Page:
Concerns people who have significant difficulties with reading, writing or numeracy. These minimal skills are necessary to function well in society, as they provide access to the job market and allow people to pursue personal development and take on their roles in society (parent, citizen, consumer, etc.).
Notions de base, Commission scolaire de l’Énergie, Québec, 2002.
“A person’s ability to understand and use information, a key function in a world where daily living requires higher communication and information processing skills”.
Reading the Future: A Portrait of Literacy in Canada, Statistics Canada, Human Resources Development Canada and the National Literacy Secretariat, September 1996.
People with low literacy skills who, in their native language, have significant difficulties with reading, writing and numeracy in everyday life when the text is not clear and familiar. Their reading skills are at the lowest level (level 1) on the International Adult Literacy Survey (IALS) reading ability scale.
MINISTÈRE DE L’ÉDUCATION. L’alphabétisation au Québec – Rapport provincial déposé à la Conférence provinciale et territoriale en alphabétisation, Québec, 2003, p. 6.
Enables adults for whom French is not their mother tongue and who cannot read or write in their mother tongue to acquire a basic knowledge of oral and written French.
Reading awareness, which is offered by schools and public education organizations, helps to reduce the risk for illiteracy among children whose parents have reading difficulties. Participants and volunteers read stories to children to encourage their love of reading and writing. The program can also help children experiencing academic difficulties to maintain a desire to read and parents to positively influence their child’s acquisition of knowledge and written communication skills.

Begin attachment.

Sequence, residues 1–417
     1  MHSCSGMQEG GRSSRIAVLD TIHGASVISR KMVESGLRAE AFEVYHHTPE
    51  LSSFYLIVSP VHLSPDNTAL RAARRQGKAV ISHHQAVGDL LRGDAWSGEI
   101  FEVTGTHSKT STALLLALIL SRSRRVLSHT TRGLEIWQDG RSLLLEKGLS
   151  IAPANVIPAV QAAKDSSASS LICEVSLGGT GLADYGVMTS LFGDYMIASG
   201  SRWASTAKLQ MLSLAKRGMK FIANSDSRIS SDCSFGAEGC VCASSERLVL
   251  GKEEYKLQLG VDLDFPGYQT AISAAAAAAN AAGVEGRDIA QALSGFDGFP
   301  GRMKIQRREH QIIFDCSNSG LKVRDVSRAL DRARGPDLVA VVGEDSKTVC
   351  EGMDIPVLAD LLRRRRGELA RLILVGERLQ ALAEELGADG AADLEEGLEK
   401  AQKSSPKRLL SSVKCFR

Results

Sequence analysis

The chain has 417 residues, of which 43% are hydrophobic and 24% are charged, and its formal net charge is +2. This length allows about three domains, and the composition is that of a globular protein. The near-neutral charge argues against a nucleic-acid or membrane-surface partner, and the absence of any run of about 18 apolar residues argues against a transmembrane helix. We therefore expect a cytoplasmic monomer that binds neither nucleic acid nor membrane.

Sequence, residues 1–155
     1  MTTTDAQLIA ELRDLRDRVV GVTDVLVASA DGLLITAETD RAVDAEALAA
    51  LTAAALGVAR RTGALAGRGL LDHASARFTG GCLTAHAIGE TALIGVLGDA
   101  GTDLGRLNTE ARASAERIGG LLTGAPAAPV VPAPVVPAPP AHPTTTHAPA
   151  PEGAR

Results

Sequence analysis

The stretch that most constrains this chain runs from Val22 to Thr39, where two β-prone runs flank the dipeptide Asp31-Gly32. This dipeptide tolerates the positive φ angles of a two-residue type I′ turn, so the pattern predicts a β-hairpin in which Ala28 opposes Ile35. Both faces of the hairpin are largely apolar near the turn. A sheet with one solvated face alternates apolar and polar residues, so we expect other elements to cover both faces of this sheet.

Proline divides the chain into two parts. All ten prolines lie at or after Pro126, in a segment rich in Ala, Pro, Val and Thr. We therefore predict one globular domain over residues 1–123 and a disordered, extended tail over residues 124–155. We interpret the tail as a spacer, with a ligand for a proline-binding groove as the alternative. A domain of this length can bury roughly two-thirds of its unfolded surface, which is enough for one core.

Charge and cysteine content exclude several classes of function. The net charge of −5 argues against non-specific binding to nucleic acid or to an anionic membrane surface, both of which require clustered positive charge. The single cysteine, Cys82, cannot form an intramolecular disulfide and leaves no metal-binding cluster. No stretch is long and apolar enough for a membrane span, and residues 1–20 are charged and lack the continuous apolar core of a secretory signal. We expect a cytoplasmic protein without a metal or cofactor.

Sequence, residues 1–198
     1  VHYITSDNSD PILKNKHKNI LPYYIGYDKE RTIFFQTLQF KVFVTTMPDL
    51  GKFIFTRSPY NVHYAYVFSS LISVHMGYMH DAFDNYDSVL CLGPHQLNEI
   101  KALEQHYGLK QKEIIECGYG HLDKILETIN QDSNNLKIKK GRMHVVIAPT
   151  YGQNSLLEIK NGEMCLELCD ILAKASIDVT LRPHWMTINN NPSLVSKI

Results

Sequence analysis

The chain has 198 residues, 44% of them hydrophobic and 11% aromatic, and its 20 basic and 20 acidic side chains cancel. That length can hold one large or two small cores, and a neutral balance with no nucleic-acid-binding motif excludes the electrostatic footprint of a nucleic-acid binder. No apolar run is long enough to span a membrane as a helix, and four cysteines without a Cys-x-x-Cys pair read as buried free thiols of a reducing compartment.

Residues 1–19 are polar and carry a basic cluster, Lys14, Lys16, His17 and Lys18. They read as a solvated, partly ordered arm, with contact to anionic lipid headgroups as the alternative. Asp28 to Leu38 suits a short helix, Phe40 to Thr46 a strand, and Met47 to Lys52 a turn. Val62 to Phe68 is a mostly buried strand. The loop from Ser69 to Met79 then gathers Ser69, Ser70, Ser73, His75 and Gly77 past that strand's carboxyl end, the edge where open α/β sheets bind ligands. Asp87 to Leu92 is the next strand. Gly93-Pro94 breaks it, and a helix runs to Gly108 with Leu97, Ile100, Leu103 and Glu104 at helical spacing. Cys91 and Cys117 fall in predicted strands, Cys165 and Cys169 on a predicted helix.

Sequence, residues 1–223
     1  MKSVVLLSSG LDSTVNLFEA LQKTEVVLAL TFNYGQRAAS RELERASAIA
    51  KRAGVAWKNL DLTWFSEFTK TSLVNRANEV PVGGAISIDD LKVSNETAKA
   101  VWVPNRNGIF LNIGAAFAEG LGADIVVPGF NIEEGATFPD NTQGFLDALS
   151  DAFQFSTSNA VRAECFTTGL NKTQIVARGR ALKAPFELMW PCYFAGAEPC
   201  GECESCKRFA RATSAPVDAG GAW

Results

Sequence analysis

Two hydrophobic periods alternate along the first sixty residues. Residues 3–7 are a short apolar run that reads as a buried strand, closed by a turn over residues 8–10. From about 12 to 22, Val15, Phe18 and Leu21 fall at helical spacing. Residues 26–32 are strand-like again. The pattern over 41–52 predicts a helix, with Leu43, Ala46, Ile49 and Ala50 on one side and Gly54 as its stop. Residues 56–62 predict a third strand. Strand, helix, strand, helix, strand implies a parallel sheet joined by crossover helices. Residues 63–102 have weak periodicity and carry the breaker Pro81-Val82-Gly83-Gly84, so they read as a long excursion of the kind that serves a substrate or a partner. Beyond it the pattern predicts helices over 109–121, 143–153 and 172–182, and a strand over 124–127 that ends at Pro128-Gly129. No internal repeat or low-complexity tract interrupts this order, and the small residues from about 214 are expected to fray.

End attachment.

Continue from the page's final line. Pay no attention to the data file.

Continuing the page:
J’apprends avec mon enfant, Commission scolaire Marguerite-Bourgeoys, Montréal, 2002
Francization allows adults for whom French is not their mother tongue to acquire basic knowledge of oral and written French. It enables immigrant Allophones to acquire the skills needed to integrate into Quebec society while preparing their transition to study or enter the labour market.
Panorama de l’éducation des adultes en formation générale au Québec, Ministère de l’Éducation du Québec, Québec, 2002.
Literacy is defined as the ability to understand, evaluate, use, and engage with written texts to participate in society, to accomplish one’s goals, and to develop one’s knowledge and potential.
Literacy encompasses a variety of skills, from decoding words and sentences to understanding, interpreting, and evaluating complex texts. It does not, however, include text production (writing).
Information about the skills of adults with low proficiency is provided by a reading component assessment that covers vocabulary, sentence-level comprehension, and passage fluency.
Numeracy is defined as the ability to locate, use, interpret, and communicate mathematical information and concepts in order to engage and manage the mathematical demands of a range of adult life situations.
To this end, numeracy includes managing a situation or solving a problem in a real context, by responding to mathematical content / information / ideas represented in multiple ways.